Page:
Norway’s controversial whale hunters have reported what they claim to be the best season in many years, with 686 whales harpooned so far. That’s nearly half the quota of 1,286 whales set by Norwegian officials.
“We have never hunted as well as we have this year,” Remi Unstad, skipper and shooter on board the boat Unstad Junior, told Norwegian Broadcasting (NRK).
“We’ve been lucky both with the weather and with access to whales,” Unstad said. “So we’re really satisfied. This season has been fantastic, and the best in many years.”
Some say it’s the best since Norway controversially resumed its whale hunt in 1993. A total of 23 boats have taken part in the hunt this season, which began on April 1 and runs through August. The crew of four on Unstad’s boat from Vestvågøy in Nordland County has caught 56 whales so far and delivered 75 tons of whale meat.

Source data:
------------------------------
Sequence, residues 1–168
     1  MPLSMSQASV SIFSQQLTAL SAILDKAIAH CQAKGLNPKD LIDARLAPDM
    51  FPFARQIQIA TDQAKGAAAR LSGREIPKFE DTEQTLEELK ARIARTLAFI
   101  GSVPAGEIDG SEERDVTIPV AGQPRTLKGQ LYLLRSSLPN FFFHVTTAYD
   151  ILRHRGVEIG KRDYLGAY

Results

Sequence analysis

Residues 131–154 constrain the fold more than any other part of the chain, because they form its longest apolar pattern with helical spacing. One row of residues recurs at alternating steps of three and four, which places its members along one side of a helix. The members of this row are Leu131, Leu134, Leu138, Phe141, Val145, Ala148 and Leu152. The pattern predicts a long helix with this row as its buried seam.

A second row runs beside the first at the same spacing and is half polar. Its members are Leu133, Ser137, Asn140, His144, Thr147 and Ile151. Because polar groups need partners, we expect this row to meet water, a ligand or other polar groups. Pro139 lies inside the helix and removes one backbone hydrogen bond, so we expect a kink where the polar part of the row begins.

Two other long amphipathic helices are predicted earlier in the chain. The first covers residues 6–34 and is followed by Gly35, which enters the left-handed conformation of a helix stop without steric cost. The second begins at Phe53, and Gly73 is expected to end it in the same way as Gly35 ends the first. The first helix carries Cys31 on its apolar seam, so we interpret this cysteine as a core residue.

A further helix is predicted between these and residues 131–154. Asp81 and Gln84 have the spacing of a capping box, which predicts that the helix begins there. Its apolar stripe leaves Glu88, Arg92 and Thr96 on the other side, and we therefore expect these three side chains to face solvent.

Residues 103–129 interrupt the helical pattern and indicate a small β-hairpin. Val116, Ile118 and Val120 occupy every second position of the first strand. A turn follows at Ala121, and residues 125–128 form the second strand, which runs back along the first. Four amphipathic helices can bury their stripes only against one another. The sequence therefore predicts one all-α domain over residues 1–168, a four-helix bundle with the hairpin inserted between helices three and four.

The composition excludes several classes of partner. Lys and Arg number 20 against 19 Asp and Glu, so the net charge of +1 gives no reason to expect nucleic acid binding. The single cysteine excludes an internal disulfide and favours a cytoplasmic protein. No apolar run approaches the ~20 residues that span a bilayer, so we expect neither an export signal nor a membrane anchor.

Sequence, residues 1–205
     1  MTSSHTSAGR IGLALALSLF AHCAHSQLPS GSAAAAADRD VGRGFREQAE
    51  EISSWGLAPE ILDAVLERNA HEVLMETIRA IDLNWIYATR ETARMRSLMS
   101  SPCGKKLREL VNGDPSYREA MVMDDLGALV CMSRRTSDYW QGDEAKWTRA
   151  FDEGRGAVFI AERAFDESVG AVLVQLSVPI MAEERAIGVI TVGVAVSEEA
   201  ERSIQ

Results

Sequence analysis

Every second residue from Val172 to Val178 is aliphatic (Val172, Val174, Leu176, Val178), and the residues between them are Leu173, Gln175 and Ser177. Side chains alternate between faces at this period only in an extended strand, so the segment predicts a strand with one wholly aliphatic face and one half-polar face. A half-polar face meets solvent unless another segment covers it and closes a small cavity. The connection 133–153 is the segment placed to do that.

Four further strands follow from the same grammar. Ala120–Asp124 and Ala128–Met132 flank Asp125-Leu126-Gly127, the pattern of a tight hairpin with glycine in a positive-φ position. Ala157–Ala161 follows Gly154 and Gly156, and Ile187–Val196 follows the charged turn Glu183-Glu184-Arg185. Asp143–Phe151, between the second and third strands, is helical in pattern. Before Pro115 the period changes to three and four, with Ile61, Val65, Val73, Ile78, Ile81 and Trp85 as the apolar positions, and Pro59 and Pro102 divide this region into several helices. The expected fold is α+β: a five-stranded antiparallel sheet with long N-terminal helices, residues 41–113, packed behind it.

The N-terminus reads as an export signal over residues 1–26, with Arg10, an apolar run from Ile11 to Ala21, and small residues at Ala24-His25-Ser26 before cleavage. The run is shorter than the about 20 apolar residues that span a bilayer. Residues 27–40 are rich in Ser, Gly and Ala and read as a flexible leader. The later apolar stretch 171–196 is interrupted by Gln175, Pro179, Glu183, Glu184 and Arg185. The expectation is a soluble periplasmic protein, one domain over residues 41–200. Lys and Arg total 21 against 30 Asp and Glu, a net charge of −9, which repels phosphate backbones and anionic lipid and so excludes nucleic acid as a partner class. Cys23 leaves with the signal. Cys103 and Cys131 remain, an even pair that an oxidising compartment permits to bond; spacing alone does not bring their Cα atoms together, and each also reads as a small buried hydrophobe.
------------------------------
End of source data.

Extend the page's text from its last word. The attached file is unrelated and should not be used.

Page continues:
Last year they caught just 30 whales and delivered 45 tons during the entire season. They linked this year’s larger numbers to their ability to sail out as soon as the season started. Last year they didn’t begin until June.
“We started really early in April with a trip to eastern Finnmark with three to four other boats,” Unstad told NRK. “After that we went to Bjørnøya and to Spitsbergen. We’ll also take a trip along the coast here in August to see if we can get some more before we knock off for the year.”
Demand for whale meat has fallen in Norway in recent years and export potential is limited, but gourmet restaurants and speciality stores are stocking and offering more prime cuts. Brita Rasmussen of the seafood trade association Norges Råfisklag in Svolvær on Lofoten predicted this year’s hunt will result in more than 700 whales. “We have more whale boats active this year than last year,” Rasmussen told NRK.